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ADHD subtypes: do they differ in their executive functioning profile?
Arch Clin Neuropsychol. 2005 Jun; 20(4):457-77.AC

Abstract

The present study was designed to investigate the hypothesis that children with Attention Deficit Hyperactivity Disorder combined subtype (ADHD-C) have a generalized executive functioning (EF) [Barkley, R. A. (1997). Behavioural inhibition, sustained attention, and executive functions: Constructing a unifying theory of AD/HD. Psychological Bulletin, 121, 65-94; Barkley, R. A. (1997). ADHD and the nature of self-control. New York: The Guilford Press]. We tested whether ADHD-C and ADHD inattentive subtype (ADHD-I) can be differentiated from each other on EF measures. We compared 16 normally developing boys with 16 boys with ADHD-C and 16 with ADHD-I on five EF domains. The boys were all matched on age, IQ, and the presence of oppositional defiant disorder (ODD)/conduct disorder (CD). Despite carefully diagnosed groups and methodological controls, the results do not support the EF-hypothesis of ADHD-C. Children with ADHD-C differed from normal controls (NC) on tasks related to inhibition; they did not exhibit EF deficits on all EF tasks. Children with ADHD-C also exhibited deficits on non-EF tasks. Furthermore, the ADHD-C and ADHD-I subtypes did not differ from one another. Neuropsychological findings on the domains under study did not yield evidence for the distinctiveness of ADHD-C and ADHD-I subtypes.

Authors+Show Affiliations

Department of Clinical Neuropsychology, Vrije Universiteit Amsterdam, Amsterdam, The Netherlands. h.m.geurts@uva.nlNo affiliation info availableNo affiliation info availableNo affiliation info availableNo affiliation info available

Pub Type(s)

Journal Article

Language

eng

PubMed ID

15896560

Citation

Geurts, Hilde M., et al. "ADHD Subtypes: Do They Differ in Their Executive Functioning Profile?" Archives of Clinical Neuropsychology : the Official Journal of the National Academy of Neuropsychologists, vol. 20, no. 4, 2005, pp. 457-77.
Geurts HM, Verté S, Oosterlaan J, et al. ADHD subtypes: do they differ in their executive functioning profile? Arch Clin Neuropsychol. 2005;20(4):457-77.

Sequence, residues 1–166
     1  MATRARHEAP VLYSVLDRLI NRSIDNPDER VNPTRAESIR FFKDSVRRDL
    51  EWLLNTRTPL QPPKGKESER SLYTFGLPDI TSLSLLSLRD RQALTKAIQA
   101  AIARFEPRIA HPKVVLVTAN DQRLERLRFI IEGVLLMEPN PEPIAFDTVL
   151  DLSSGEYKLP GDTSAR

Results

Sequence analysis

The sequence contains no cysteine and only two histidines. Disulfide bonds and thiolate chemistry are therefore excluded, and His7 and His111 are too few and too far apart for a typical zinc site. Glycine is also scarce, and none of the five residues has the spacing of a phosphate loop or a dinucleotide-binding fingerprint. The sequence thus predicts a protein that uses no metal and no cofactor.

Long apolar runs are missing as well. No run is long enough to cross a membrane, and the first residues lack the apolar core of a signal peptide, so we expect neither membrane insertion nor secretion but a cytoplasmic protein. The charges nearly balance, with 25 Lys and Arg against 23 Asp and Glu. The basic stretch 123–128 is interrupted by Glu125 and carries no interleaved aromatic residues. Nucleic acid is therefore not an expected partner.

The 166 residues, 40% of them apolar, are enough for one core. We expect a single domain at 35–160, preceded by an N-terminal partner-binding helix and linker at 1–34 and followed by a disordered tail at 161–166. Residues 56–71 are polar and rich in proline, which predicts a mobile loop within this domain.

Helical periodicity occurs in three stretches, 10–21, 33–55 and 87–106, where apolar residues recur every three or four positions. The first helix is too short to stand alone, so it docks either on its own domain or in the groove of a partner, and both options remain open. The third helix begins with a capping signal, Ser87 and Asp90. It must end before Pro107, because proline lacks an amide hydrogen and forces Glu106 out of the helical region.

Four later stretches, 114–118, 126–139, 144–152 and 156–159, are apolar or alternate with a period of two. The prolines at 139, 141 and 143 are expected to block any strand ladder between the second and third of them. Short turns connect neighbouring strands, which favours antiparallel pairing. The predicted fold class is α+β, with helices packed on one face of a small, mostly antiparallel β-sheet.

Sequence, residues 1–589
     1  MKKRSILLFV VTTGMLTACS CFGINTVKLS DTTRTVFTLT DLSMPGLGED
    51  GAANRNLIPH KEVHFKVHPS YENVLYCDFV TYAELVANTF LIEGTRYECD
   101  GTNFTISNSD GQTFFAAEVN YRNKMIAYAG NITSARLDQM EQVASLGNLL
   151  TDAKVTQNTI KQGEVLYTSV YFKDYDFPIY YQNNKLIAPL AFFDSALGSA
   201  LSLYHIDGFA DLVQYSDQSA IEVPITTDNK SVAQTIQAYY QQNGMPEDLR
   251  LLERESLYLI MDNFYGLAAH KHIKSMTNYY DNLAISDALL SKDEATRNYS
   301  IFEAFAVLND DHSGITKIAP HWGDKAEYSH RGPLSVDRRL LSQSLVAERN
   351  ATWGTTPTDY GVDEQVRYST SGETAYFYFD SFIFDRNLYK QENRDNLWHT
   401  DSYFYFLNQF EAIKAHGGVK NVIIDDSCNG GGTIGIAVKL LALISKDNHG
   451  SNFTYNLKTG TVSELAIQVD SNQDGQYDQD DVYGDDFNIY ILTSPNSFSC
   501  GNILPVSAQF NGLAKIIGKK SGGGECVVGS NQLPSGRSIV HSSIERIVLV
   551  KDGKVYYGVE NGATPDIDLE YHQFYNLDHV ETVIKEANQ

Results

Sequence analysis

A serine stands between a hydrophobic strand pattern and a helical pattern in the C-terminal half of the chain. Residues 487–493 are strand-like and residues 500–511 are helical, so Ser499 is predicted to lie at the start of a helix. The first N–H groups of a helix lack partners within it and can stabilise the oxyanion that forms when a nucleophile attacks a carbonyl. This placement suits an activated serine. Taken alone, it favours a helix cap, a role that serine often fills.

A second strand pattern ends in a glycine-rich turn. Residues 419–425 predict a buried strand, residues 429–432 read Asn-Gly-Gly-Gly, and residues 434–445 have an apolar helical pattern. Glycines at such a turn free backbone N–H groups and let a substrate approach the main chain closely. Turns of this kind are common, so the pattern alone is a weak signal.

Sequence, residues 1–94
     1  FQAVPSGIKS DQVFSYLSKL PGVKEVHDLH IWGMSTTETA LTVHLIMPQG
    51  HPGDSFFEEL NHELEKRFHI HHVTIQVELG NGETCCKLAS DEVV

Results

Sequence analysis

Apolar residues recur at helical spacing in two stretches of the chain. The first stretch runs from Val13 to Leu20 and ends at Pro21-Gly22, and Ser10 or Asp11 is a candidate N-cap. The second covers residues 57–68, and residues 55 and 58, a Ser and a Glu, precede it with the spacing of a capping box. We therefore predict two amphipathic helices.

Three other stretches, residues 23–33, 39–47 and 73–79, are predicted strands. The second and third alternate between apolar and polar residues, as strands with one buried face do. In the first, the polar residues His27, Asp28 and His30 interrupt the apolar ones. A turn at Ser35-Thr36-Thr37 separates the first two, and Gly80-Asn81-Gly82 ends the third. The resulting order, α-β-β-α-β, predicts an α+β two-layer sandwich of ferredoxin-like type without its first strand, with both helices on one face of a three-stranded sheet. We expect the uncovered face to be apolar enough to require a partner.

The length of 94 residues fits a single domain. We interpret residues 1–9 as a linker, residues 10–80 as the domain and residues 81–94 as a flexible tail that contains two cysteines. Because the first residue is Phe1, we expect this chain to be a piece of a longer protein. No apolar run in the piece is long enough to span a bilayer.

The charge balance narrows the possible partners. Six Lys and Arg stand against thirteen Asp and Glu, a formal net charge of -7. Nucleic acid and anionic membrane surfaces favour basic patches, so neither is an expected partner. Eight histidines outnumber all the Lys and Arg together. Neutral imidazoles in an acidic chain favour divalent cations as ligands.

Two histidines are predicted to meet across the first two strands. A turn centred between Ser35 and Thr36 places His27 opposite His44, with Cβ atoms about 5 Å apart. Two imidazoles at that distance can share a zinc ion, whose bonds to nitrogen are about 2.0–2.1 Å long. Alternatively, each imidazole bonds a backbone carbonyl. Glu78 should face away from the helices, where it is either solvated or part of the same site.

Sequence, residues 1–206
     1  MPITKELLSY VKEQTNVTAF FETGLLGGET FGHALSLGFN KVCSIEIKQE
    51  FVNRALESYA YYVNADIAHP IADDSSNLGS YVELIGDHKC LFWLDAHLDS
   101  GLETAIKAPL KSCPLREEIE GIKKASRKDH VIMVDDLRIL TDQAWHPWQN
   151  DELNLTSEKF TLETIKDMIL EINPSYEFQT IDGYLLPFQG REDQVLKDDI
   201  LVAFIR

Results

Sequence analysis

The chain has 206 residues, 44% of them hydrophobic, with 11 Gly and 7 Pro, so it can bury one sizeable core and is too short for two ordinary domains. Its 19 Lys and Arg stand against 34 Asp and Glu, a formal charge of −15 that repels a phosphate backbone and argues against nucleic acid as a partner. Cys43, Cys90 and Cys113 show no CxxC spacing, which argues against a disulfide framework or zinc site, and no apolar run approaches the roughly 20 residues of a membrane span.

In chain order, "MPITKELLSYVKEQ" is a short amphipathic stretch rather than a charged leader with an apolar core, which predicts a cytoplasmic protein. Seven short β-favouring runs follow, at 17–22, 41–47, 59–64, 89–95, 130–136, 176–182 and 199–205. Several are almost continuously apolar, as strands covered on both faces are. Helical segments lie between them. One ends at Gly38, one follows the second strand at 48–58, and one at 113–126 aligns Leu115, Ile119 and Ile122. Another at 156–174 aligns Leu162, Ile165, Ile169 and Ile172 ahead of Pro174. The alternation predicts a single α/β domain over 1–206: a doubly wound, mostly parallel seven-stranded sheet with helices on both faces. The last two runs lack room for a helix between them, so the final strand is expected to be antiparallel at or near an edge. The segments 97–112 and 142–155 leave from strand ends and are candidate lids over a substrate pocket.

Geurts, H. M., Verté, S., Oosterlaan, J., Roeyers, H., & Sergeant, J. A. (2005). ADHD subtypes: do they differ in their executive functioning profile? Archives of Clinical Neuropsychology : the Official Journal of the National Academy of Neuropsychologists, 20(4), 457-77.
Geurts HM, et al. ADHD Subtypes: Do They Differ in Their Executive Functioning Profile. Arch Clin Neuropsychol. 2005;20(4):457-77. PubMed PMID: 15896560.
* Article titles in AMA citation format should be in sentence-case
TY - JOUR T1 - ADHD subtypes: do they differ in their executive functioning profile? AU - Geurts,Hilde M, AU - Verté,Sylvie, AU - Oosterlaan,Jaap, AU - Roeyers,Herbert, AU - Sergeant,Joseph A, Y1 - 2004/12/25/ PY - 2004/02/05/received PY - 2004/10/12/revised PY - 2004/11/12/accepted PY - 2005/5/18/pubmed PY - 2005/9/24/medline PY - 2005/5/18/entrez SP - 457 EP - 77 JF - Archives of clinical neuropsychology : the official journal of the National Academy of Neuropsychologists JO - Arch Clin Neuropsychol VL - 20 IS - 4 N2 - The present study was designed to investigate the hypothesis that children with Attention Deficit Hyperactivity Disorder combined subtype (ADHD-C) have a generalized executive functioning (EF) [Barkley, R. A. (1997). Behavioural inhibition, sustained attention, and executive functions: Constructing a unifying theory of AD/HD. Psychological Bulletin, 121, 65-94; Barkley, R. A. (1997). ADHD and the nature of self-control. New York: The Guilford Press]. We tested whether ADHD-C and ADHD inattentive subtype (ADHD-I) can be differentiated from each other on EF measures. We compared 16 normally developing boys with 16 boys with ADHD-C and 16 with ADHD-I on five EF domains. The boys were all matched on age, IQ, and the presence of oppositional defiant disorder (ODD)/conduct disorder (CD). Despite carefully diagnosed groups and methodological controls, the results do not support the EF-hypothesis of ADHD-C. Children with ADHD-C differed from normal controls (NC) on tasks related to inhibition; they did not exhibit EF deficits on all EF tasks. Children with ADHD-C also exhibited deficits on non-EF tasks. Furthermore, the ADHD-C and ADHD-I subtypes did not differ from one another. Neuropsychological findings on the domains under study did not yield evidence for the distinctiveness of ADHD-C and ADHD-I subtypes. SN - 0887-6177 UR - https://www.unboundmedicine.com/medline/citation/15896560/ADHD_subtypes:_do_they_differ_in_their_executive_functioning_profile L2 - https://academic.oup.com/acn/article-lookup/doi/10.1016/j.acn.2004.11.001 DB - PRIME DP - Unbound Medicine ER -